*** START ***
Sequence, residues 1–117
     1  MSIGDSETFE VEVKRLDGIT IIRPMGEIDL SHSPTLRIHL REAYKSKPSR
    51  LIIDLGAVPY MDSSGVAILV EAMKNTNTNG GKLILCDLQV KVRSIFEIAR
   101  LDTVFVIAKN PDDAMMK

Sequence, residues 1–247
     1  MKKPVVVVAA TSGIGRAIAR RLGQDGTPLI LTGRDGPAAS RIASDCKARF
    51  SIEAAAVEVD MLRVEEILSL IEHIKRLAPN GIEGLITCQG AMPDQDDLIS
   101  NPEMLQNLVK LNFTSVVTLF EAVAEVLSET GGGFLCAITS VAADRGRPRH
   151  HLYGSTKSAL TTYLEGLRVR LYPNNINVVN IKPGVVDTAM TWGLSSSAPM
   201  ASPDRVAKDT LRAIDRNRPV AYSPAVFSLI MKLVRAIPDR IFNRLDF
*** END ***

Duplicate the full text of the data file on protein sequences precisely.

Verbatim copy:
Sequence, residues 1–117
     1  MSIGDSETFE VEVKRLDGIT IIRPMGEIDL SHSPTLRIHL REAYKSKPSR
    51  LIIDLGAVPY MDSSGVAILV EAMKNTNTNG GKLILCDLQV KVRSIFEIAR
   101  LDTVFVIAKN PDDAMMK

Sequence, residues 1–247
     1  MKKPVVVVAA TSGIGRAIAR RLGQDGTPLI LTGRDGPAAS RIASDCKARF
    51  SIEAAAVEVD MLRVEEILSL IEHIKRLAPN GIEGLITCQG AMPDQDDLIS
   101  NPEMLQNLVK LNFTSVVTLF EAVAEVLSET GGGFLCAITS VAADRGRPRH
   151  HLYGSTKSAL TTYLEGLRVR LYPNNINVVN IKPGVVDTAM TWGLSSSAPM
   201  ASPDRVAKDT LRAIDRNRPV AYSPAVFSLI MKLVRAIPDR IFNRLDF